Back to Shopping at NorthernBrewer.com

Dormant Yeast or Epic Failure

Newb question here. I have been homebrewing for several years and stumbled upon Bob Taylor’s Website and decided to try making sake. I doubled his recipe (total of 20 lb rice) and followed everything else to the letter. My rice and koji were sourced from FH Steinbarts who gets their sake supplies from a local sake brewery. My yeast was 2 packs of Wyeast Sake Yeast.

Here is the problem. Everything seemed to be going well until the final addition of rice (10lb). After I added the rice I held the temp at 70* overnight and fermentation was VERY active by the morning. I then transferred it to a temperature controlled freezer (50*) for 3 weeks. I removed the vessel tonight and it hardly appears that any rice has broken down. There is approximately a 3-4 layer of clear fluid (in a 12 gallon fermentation barrel) and the rest of the fermenter is full of rice that appears not to be breaking down. I tried to get a hydrometer reading but there isn’t enough fluid to float the hydrometer.

Did the yeast go dormant or was the last addition of koji bad or did I just screw up.

I tried the search function, but I was having a hard time finding a similar topic.

Thanks in advance for any help or advice.

You really need to do one of two things, Bob:

1 - Take a hydrometer reading.

2 - Taste your sake.

If the specific gravity is significantly above 1.000, or the flavor is very sweet, then you know you’ve got a problem with your yeast. If the flavor is not noticeably sweet and the SG is at or below 1.000, but you can’t detect much alcohol, then you’ve probably got a problem with your koji.

Most likely, however, everything is fine. You’re going to have a noticeable amount of what looks like rice in your moromi at the end of 20 days of fermentation. That’s why the joso step is necessary: to separate your liquid nigorizake from the solid lees.

Oh my…mea culpa and pass the humble pie. I managed to get a specific gravity of 0.9900 at 67* and the taste of the sake was alcoholic, but not sweet. I was shocked at how much sake I was able to squeeze out of the solids. I ended up with about 7 gallons of sake.

Thanks so much for the advice Bob and putting up with the basic questions.

One final question; would dropping the temperature down to 34* (lagering temperature) for the next 2 weeks be of any use to help clarification before using bentonite? This is still the homebrewer in me trying to assimilate sake technique.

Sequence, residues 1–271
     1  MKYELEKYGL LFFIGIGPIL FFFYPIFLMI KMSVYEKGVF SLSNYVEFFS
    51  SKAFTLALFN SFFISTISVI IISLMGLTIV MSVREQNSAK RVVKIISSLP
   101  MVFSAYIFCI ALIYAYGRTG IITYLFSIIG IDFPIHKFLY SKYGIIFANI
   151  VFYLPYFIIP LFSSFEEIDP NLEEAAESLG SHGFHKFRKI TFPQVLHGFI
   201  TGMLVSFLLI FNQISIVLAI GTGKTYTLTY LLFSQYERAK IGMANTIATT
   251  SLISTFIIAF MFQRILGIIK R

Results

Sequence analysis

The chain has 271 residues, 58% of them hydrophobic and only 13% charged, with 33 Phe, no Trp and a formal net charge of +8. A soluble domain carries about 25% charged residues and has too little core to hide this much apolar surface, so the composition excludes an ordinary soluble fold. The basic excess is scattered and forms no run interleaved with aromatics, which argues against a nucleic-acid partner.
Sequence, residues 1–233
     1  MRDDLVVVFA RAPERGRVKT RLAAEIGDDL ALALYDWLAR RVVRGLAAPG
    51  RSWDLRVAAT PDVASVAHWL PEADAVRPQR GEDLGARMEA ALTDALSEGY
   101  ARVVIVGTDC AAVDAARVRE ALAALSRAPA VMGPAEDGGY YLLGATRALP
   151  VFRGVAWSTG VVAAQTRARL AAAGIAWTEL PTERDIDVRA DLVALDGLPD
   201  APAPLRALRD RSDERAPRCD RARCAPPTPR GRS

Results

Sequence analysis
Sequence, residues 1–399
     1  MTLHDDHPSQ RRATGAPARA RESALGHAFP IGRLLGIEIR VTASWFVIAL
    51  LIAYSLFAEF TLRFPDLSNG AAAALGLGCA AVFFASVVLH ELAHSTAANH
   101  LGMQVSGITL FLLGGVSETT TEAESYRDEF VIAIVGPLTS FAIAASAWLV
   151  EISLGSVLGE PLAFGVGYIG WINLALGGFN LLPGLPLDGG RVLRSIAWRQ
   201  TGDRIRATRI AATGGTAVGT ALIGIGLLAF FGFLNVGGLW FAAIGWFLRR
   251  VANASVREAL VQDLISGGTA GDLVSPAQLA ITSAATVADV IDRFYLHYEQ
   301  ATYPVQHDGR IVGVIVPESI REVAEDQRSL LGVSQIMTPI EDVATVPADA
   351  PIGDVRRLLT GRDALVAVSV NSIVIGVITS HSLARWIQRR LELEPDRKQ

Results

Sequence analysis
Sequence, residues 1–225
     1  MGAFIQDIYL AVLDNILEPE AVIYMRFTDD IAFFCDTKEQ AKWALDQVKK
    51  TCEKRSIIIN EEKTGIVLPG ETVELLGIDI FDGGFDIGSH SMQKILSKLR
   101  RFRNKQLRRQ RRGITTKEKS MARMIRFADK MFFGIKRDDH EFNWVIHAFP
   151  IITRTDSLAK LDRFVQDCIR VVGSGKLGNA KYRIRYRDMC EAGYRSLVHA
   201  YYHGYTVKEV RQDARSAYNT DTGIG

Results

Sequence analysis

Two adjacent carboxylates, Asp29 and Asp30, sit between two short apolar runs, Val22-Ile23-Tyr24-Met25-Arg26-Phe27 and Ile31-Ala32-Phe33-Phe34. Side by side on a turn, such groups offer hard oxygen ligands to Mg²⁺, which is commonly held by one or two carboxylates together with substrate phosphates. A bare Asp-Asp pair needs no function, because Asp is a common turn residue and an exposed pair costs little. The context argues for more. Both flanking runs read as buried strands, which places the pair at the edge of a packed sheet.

Thanks again!

If your temperature controller is anything like mine, you probably have a 2º differential. That makes 34º a little low. I usually drop mine down to 36º for a couple weeks to halt fermentation and coax the yeast into settling out before racking, adding bentonite, and proceeding with the first pasteurization step.

Pardon my ignorance, but this is referring to 36C, correct?

Sorry, no. Being American, Drbobcat and I are both referring to temperature in degrees Fahrenheit. For you, that would be more like 2ºC.

Oh haha I live in Arkansas :expressionless: I use an STC-1000 based controller and it only displays in C.

36F is freaking cold! How does this aid in settling? It would seem (to inexperienced eyes) that a higher density fluid would actually hinder settling. Forgive the ignorance; I am just finishing the Hatsuzoe stage of my first brew.

Well, you’ve put your finger on exactly why the subject is and should be open for debate. Personally, I cold crash my sake for three reasons:

[list=1]

  • [b]Yeast metabolism[/b] - I want to stop my sake fermentation at a target specific gravity. Shutting down the yeast with cold is a lot easier for me than having to go back and ameliorate the sake with rice, sugar, or koji. [/*]
  • [b]Enzymatic activity[/b] - I want slow down or halt the activity of protease enzymes in the moromi. Protease creates amino acids by breaking down proteins, and amino acids contribute to a darker color and harsh flavor in the finished sake. [/*]
  • [b]Flocculation[/b] - Sake yeast isn't known for being very flocculant, but I was to encourage any suspended and active yeast to settle out as much as possible. Shock the yeast into dormancy with cold and let gravity do the rest.[/*]
  • Back to Shopping at NorthernBrewer.com